[A chamber in the palace overlooks a courtyard. The season is midsummer. The windows of the palace are open, and from a distance there comes the sound of a man's voice crying for bread.]
[THE KING sits in a golden chair. A golden crown is on his head, and he holds in his hand a sceptre which is also of gold. A SERVANT stands by his side, fanning him with an enormous fan of peacock feathers.]
THE BEGGAR: (outside) Bread. Bread. Bread. Give me some bread.
THE KING: (languidly) Who is that crying in the street for bread?
THE SERVANT: (fanning) O king, it is a beggar.
THE KING: Why does he cry for bread?
THE SERVANT: O king, he cries for bread in order that he may fill his belly.
THE KING: I do not like the sound of his voice. It annoys me very much. Send him away.
THE SERVANT: (bowing) O king, he has been sent away.
THE KING: If that is so, then why do I hear his voice?
THE SERVANT: O king, he has been sent away many times, yet each time that he is sent away he returns again, crying louder than he did before.
THE KING: He is very unwise to annoy me on such a warm day. He must be punished for his impudence. Use the lash on him.
THE SERVANT: O king, it has been done.
THE KING: Then bring out the spears.
THE SERVANT: O king, the guards have already bloodied their swords many times driving him away from the palace gates. But it is of no avail.
THE KING: Then bind him and gag him if necessary. If need be cut out his tongue. I do not like the sound of the fellow's voice. It annoys me very much.
THE SERVANT: O king, thy orders were obeyed even yesterday.
THE KING: (frowning) No. That cannot be. A beggar cannot cry for bread who has no tongue.
THE SERVANT: Behold he can--if he has grown another.
THE KING: What! Why, men are not given more than one tongue in a lifetime. To have more than one tongue is treason.
THE SERVANT: If it is treason to have more than one tongue, O king, then is this beggar surely guilty of treason.
THE KING: (pompously) The punishment for treason is death. See to it that the fellow is slain. And do not fan me so languidly. I am very warm.
THE SERVANT: (fanning more rapidly) Behold, O great and illustrious king, all thy commands were obeyed even yesterday.
THE KING: How! Do not jest with thy king.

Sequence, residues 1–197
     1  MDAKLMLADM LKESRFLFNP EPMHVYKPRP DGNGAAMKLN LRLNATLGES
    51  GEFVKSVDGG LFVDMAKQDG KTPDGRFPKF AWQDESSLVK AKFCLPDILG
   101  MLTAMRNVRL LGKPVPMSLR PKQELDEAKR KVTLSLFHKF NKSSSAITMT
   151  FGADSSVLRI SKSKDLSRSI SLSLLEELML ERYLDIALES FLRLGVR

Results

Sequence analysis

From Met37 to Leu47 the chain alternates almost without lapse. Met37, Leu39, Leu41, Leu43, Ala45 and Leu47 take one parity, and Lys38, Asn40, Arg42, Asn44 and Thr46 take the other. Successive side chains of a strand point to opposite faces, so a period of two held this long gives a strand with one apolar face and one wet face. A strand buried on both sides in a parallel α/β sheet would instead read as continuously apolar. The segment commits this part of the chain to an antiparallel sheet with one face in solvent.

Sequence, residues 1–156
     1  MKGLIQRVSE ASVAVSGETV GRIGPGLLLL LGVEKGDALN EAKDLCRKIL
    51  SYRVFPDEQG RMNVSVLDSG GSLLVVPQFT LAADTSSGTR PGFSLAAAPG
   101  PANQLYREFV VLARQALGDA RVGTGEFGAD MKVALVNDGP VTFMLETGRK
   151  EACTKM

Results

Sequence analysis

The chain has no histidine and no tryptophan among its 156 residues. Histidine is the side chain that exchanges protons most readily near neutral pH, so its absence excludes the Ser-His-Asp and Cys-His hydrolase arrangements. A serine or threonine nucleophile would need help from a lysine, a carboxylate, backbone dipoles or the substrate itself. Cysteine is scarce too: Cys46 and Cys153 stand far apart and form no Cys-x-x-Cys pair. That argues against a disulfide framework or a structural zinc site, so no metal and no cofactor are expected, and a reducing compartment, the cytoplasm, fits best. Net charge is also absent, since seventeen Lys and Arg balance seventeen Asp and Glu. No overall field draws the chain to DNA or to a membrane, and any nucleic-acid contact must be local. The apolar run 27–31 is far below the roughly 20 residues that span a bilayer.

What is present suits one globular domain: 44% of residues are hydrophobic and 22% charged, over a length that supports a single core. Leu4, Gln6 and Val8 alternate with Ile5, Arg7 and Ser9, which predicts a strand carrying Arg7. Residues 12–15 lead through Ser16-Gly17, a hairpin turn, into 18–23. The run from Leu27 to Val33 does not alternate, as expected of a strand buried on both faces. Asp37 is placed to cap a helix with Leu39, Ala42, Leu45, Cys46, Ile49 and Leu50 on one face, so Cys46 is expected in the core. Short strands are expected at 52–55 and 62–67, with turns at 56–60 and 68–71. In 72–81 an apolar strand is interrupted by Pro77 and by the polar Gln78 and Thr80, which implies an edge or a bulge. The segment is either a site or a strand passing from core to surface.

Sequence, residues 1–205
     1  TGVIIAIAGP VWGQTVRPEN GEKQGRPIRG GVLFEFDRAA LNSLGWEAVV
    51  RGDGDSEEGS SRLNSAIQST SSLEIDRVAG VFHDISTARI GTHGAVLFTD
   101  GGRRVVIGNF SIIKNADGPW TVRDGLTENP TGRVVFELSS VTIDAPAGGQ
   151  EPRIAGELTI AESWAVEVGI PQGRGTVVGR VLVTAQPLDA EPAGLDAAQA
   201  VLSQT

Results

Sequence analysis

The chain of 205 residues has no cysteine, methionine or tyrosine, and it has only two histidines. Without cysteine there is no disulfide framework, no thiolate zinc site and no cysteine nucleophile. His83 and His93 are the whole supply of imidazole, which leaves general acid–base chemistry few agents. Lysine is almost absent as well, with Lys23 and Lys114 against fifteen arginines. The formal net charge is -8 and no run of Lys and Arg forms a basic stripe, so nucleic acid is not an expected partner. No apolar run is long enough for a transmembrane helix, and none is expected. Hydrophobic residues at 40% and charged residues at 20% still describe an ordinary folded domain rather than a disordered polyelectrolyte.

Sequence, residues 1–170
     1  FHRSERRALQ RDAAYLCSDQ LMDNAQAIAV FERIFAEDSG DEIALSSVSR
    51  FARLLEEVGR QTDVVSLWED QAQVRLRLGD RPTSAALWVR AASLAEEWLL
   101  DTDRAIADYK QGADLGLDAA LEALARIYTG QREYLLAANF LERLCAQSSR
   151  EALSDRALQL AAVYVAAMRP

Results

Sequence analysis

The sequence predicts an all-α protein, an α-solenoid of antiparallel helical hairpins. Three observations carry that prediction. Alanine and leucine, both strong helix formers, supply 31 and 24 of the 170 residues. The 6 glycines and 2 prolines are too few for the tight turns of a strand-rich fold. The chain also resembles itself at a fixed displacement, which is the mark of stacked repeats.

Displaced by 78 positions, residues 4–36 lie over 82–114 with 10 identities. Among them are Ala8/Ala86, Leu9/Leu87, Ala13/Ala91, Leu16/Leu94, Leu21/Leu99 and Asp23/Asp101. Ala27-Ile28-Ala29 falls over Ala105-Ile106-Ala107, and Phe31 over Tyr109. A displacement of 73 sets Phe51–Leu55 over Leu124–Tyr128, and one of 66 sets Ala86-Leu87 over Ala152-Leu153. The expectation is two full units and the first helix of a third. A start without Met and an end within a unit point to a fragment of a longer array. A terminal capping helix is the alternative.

THE SERVANT: If I jest, then there is truth in a jest. Even yesterday, O king, as I have told thee, the beggar which thou now hearest crying aloud in the street was slain by thy soldiers with a sword.
THE KING: Do ghosts eat bread? Forsooth, men who have been slain with a sword do not go about in the streets crying for a piece of bread.
THE SERVANT: Forsooth, they do if they are fashioned as this beggar.
THE KING: Why, he is but a man. Surely he cannot have more than one life in a lifetime.
THE SERVANT: Listen to a tale, O king, which happened yesterday.
THE KING: I am listening.
THE SERVANT: Thy soldiers smote this beggar for crying aloud in the streets for bread, but his wounds are already healed. They cut out his tongue, but he immediately grew another. They slew him, yet he is now alive.
THE KING: Ah! that is a tale which I cannot understand at all.
THE SERVANT: O king, it may be well.
THE KING: I cannot understand what thou sayest, either.
THE SERVANT: O king, that may be well also.
THE KING: Thou art speaking now in riddles. I do not like riddles. They confuse my brain.
THE SERVANT: Behold, O king, if I speak in riddles it is because a riddle has come to pass.
[THE BEGGAR'S voice suddenly cries out loudly.]
THE BEGGAR: (outside) Bread. Bread. Give me some bread.
THE KING: Ah! He is crying out again. His voice seems to me louder than it was before.
THE SERVANT: Hunger is as food to the lungs, O king.
THE KING: His lungs I will wager are well fed. Ha, ha!
THE SERVANT: But alas! his stomach is quite empty.
THE KING: That is not my business.
THE SERVANT: Should I not perhaps fling him a crust from the window?
THE KING: No! To feed a beggar is always foolish. Every crumb that is given to a beggar is an evil seed from which springs another fellow like him.